• A trans* journalist was humiliated at Eurogamer Expo by a presenter hired for the event. Kotaku ran a story about it, but then she got a whole lot more hate. Can we please be better as a community?
  • Here’s a kitten brought back to life by a firefighter. [Most Watched Today]
  • And texts from a cat. [Sad and Useless]
  • How Many Earths? is a really cool interactive site that shows you how many potentially habitable, Earth-like planets there may be, based on the data gathered by the Kepler space telescope. [New Scientist]
  • These are genderbent couples from Sleeping Beauty, The Little Mermaid, and Aladdin, and they are glorious. [The Art of Doro]
  • “Confessions of a Snow Queen” is a beautiful piece (prefaced by a powerful poem) about the fetishization of white bodies in queer spaces, and the need to examine the white privilege present in dating. It’s a really thoughtful exploration of racial fetishes, and something everyone should think about. [Queer Libido]
  • And finally, I had a lot of fun at Montreal Comic Con, but I also wrote about the local artists and how they fit in (or don’t) to this huge, increasingly mainstream event. It’s over at Maisonneuve‘s website if that’s the sort of thing you’re interested in.
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The 10 best Comiccon moments (Or, Alyssa is too tired to write an actual post this week)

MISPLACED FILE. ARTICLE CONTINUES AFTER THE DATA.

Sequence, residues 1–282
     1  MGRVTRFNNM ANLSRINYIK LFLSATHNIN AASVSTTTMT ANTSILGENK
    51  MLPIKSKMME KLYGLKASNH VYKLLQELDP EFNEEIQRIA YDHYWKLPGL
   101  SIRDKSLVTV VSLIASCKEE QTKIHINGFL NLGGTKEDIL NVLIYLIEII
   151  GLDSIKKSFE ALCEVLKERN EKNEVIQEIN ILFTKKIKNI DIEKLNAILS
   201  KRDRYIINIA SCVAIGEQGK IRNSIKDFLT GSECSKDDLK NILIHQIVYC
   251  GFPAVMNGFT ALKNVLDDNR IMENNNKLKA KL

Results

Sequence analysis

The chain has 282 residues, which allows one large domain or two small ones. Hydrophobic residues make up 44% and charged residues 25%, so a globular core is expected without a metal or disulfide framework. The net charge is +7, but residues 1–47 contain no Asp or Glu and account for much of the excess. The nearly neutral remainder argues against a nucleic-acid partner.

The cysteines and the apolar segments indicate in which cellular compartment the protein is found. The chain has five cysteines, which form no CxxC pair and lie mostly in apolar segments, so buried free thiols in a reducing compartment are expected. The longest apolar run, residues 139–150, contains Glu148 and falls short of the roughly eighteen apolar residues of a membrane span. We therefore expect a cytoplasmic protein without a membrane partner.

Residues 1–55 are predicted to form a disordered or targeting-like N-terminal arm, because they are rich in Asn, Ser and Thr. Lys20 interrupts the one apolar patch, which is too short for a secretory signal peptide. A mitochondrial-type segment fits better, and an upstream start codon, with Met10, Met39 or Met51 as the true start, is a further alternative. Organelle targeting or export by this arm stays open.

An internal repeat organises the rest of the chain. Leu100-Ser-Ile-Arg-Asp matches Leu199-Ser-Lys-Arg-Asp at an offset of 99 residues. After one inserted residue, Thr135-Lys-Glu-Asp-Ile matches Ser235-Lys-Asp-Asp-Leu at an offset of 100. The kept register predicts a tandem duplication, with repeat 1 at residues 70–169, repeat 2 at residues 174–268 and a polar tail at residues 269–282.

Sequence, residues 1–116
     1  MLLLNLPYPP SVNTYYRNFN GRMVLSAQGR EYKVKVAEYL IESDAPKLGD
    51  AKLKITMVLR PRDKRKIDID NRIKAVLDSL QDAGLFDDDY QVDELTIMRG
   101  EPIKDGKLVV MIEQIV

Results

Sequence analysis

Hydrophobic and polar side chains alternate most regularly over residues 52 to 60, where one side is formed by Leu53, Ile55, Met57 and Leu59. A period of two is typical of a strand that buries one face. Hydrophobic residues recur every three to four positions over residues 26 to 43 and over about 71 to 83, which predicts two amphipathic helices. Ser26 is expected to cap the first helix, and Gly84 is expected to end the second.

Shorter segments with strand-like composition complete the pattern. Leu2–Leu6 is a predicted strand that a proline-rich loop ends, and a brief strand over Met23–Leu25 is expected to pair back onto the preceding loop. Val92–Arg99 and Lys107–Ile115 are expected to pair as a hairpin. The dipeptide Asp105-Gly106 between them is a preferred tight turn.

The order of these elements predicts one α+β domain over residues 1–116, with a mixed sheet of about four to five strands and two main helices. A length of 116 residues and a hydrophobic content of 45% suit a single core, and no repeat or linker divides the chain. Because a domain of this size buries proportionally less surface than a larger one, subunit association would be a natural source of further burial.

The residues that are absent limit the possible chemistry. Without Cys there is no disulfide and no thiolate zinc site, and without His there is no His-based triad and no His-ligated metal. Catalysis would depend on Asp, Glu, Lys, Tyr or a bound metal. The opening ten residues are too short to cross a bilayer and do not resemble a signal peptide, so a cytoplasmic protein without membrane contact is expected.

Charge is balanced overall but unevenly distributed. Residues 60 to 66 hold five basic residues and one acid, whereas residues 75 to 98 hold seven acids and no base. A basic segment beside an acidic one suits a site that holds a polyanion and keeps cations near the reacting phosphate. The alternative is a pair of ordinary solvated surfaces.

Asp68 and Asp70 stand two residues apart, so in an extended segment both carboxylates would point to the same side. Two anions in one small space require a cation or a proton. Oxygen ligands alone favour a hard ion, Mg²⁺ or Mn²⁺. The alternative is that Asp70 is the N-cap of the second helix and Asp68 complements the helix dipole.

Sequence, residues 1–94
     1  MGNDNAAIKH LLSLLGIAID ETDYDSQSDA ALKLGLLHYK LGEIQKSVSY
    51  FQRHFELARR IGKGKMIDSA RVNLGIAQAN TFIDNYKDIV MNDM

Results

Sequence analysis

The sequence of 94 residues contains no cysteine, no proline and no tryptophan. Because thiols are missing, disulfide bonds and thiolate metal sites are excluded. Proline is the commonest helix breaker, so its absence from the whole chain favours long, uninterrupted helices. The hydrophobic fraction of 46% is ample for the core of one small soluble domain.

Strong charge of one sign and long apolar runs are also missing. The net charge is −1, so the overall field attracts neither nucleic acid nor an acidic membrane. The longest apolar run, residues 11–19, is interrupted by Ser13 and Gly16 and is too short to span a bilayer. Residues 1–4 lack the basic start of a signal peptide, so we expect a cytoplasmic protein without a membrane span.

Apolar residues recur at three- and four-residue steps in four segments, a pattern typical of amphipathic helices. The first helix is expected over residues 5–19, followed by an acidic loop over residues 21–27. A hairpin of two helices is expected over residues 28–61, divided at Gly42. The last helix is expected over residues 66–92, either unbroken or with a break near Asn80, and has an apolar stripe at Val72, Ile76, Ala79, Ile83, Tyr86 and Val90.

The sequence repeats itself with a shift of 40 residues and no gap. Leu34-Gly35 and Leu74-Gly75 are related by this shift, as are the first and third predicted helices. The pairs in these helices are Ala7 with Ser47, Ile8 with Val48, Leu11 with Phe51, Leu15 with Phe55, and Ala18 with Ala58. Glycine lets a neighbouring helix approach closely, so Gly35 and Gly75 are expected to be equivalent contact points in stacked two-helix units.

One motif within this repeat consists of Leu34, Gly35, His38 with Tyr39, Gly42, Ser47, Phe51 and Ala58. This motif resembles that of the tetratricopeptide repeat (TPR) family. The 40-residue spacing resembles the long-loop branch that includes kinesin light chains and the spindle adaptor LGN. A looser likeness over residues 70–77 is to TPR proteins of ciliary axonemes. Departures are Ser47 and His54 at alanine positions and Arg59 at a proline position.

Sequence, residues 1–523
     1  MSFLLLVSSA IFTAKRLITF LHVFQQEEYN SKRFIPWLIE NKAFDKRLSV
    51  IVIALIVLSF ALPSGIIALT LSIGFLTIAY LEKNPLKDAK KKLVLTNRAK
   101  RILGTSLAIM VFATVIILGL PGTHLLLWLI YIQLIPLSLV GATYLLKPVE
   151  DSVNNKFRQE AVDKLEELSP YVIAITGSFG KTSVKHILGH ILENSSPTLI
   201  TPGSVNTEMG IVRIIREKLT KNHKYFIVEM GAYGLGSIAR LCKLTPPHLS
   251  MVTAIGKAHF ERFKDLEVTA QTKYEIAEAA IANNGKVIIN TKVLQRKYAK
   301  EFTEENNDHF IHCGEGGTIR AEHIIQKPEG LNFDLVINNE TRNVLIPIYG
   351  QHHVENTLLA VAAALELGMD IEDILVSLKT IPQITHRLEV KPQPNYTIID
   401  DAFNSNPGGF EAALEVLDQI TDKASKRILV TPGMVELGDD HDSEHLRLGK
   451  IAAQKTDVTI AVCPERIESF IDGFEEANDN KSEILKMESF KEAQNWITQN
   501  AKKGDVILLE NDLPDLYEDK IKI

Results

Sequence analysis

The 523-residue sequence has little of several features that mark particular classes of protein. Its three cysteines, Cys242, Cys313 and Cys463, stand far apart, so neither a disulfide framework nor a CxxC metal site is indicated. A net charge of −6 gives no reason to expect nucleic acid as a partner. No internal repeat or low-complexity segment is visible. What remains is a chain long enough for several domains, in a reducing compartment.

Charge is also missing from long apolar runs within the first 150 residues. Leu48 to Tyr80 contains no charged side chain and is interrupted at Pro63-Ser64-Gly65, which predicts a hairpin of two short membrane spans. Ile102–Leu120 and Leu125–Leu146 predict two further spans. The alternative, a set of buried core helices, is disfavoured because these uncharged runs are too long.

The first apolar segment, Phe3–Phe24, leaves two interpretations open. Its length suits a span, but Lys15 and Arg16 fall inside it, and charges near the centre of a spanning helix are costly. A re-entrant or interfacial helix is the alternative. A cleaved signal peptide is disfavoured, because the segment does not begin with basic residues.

goldenticket

Montreal Comiccon 2013 came and went, and it brought some wonderful memories:

  1. That time Christopher Lloyd burped into his microphone in front of hundreds of people. And then didn’t look embarrassed about it.
  2. All the cosplay. Seriously, all of it. There was GladOS, Bee (from Bee and Puppycat), Kirby, a Kyoshi warrior, Princesses Bubblegum and Lumpy Space, Robot Chicken, and every superhero mini me you can imagine. I had a lovely conversation with Catwoman, and accidentally bumped into some zombie stormtroopers. I went as Velma, and there were about fourteen other people who did too (but none of them had an awesome magnifying glass necklace, so it was okay).
  3. These kids who spent the entire con riding R2D2: padawans
  4. Meeting Felicia Day and confirming that she really is the nicest person on the planet.
  5. Having Edward James Olmos and Michael Hogan crash a panel with Jamie Bamber and James Callis. Surprise Battlestar reunion the night before the actual Battlestar reunion!
  6. Adama roaring “SO SAY WE ALL” at least eight times over the course of the weekend.
  7. George Takei doing this a lot.
  8. Seeing how beautiful Jason Momoa is and, on a totally unrelated note, thinking “gee, I really should start watching Stargate: Atlantis.
  9. Making a “KHAAAAAN” joke and having strangers around me laugh in appreciation (this probably says more about my terrible sense of humour than anything else).
  10. Going to a panel called “Where are the queer superheroes?” and being introduced to this song (it is still stuck in my head).

Bonus not-so-great moments:

  1. The crowds. Holy crap the crowds.
  2. Some lady asking Jason Momoa to take his shirt off on stage. Girl, get a grip, this isn’t Chippendales and that is not an appropriate thing to ask. Plus, you already heard him say “Moon of my life” in Dothraki like three times.
  3. Waiting until the last minute to do my shopping and having everything be sold out.